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Applied Mathematics Colloquium – Alina Chertock, North Carolina State University
September 27 @ 3:30 pm - 4:30 pm
Title: Asymptotic Preserving Numerical Methods for Multiscale Problems
Speaker: Alina Chertock, Department of Mathematics, North Carolina State University
Abstract: Many phenomena in nature exhibit multiscale behaviors, which can be rather different in character. These phenomena can be categorized into two groups. On the one hand, there are problems featuring localized singularities, such as boundary or internal layers, shocks, and dislocations. On the other hand, there are problems, such as porous media flows, turbulent flows, and highly oscillating models, where microscopic and macroscopic scales coexist across the entire domain.
When several scales occur in a physical problem, using an approach that describes the phenomenon on a single scale is insufficient. Describing the problem at a microscopic level offers exceptional physical accuracy but is computationally impractical. Likewise, adopting a macroscopic description, where explicit equations for the macroscopic scale are used, effectively eliminating the other scales, is also unsuitable. As such, a multi-scale modeling strategy becomes essential. This involves employing different models to describe phenomena at various scales while balancing the trade-off between numerical accuracy and computational efficiency. The primary objective of multi-scale techniques is to develop numerical schemes that bridge the microscopic and macroscopic scales, outperforming the computational demands of solving the complete microscopic model while still delivering the desired level of accuracy.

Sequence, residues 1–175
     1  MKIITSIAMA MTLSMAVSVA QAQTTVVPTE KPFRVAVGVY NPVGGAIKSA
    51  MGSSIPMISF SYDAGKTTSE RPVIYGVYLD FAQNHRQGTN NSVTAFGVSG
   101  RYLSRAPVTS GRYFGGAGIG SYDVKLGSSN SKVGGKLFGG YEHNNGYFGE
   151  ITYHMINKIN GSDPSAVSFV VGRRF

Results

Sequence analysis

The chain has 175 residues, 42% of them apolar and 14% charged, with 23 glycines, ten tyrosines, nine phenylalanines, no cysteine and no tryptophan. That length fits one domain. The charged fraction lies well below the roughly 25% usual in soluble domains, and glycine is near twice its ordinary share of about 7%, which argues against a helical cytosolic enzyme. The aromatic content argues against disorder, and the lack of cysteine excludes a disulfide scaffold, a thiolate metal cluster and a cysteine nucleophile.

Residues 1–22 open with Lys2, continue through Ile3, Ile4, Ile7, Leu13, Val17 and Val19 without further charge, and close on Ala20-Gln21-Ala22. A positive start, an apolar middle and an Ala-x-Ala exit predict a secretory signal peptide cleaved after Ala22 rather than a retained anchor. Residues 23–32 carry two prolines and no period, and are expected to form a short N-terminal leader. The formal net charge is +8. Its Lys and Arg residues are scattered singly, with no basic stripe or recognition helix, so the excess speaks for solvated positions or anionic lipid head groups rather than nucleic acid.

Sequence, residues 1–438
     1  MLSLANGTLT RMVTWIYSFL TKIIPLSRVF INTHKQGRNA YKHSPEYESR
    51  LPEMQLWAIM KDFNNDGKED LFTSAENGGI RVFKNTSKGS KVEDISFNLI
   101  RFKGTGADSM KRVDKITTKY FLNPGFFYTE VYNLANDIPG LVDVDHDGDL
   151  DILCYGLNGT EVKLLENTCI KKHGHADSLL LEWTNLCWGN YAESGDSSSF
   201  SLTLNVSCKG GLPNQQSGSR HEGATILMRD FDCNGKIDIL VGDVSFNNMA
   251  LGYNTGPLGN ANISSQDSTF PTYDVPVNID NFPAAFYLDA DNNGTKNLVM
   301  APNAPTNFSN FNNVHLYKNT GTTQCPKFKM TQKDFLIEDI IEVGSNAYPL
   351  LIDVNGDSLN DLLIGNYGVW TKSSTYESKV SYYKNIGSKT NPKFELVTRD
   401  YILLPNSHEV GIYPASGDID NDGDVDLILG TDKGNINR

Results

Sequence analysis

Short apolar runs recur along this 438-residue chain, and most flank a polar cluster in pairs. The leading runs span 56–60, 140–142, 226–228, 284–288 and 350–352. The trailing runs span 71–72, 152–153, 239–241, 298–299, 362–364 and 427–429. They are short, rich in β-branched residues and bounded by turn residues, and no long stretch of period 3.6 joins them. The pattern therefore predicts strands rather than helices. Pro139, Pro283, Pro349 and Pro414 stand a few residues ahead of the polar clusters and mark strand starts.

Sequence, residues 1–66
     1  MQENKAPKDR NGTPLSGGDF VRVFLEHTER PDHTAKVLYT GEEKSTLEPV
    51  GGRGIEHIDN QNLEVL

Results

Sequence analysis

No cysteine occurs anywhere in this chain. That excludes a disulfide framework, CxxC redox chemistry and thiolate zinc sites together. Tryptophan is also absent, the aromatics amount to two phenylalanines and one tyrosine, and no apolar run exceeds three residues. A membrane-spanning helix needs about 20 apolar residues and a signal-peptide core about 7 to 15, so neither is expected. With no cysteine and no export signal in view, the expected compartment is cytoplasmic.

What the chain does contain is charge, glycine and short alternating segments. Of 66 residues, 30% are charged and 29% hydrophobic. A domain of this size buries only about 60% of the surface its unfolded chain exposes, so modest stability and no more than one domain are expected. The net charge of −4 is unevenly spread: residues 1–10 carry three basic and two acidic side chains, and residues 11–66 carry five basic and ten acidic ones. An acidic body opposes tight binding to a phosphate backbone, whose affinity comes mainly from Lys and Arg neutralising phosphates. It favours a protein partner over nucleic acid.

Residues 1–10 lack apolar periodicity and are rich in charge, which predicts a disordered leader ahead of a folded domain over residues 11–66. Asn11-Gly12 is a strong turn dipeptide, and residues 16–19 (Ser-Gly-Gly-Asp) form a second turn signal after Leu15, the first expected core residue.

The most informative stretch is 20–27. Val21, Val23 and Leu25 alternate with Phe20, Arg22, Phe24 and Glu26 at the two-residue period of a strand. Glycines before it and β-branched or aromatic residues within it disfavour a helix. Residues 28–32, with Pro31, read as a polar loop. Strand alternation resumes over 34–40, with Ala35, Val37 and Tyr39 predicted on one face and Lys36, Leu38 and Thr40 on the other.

Among many other approaches, a special class of numerical methods, known as Asymptotic Preserving (AP) schemes, was developed specifically for multiscale problems. The fundamental concept involves designing numerical techniques that maintain the asymptotic behavior across the transition from microscopic to macroscopic models within a discrete framework. Consequently, AP schemes seamlessly bridge the two scales: the transition between the two scales is implemented effortlessly in that a micro solver automatically becomes a macro solver if the numerical discretizations fail to resolve the physically small scales. As a result, the AP methodology offers straightforward, robust, and efficient computational tools for a wide array of multiscale problems, including kinetic, hyperbolic, and other physical problems. This talk provides an overview of the core concept, design principles, and several representable AP schemes.
Biosketch: Alina Chertock’s research focuses on nonlinear partial differential equations and their numerical approximations. Her work has centered on developing high-resolution numerical methods for problems that admit solutions with complicated structures. In particular, she has been developing new techniques for solving problems with complex geometries, moving boundaries, and material interfaces, problems involving complicated nonlinear wave phenomena and multiple scales, and problems that include uncertain phenomena.
Chertock earned a master’s degree in applied mathematics from Moscow State University in 1989 and a Ph.D. in applied mathematics from Tel Aviv University in 1999. Her doctoral dissertation, Strict stability of high-order compact implicit finite-difference schemes: the role of boundary conditions for hyperbolic PDEs, was supervised by Saul Abarbanel. After postdoctoral research at the University of California, Berkeley, and Lawrence Berkeley National Laboratory, she joined North Carolina State University as an assistant professor of mathematics in 2002. She was promoted to associate professor in 2007 and full professor in 2013. She has been department head there since 2015.
Chertock was named the LeRoy B. Martin, Jr. Distinguished Professor in 2021 and Fellow of the Society for Industrial and Applied Mathematics (SIAM) in 2023.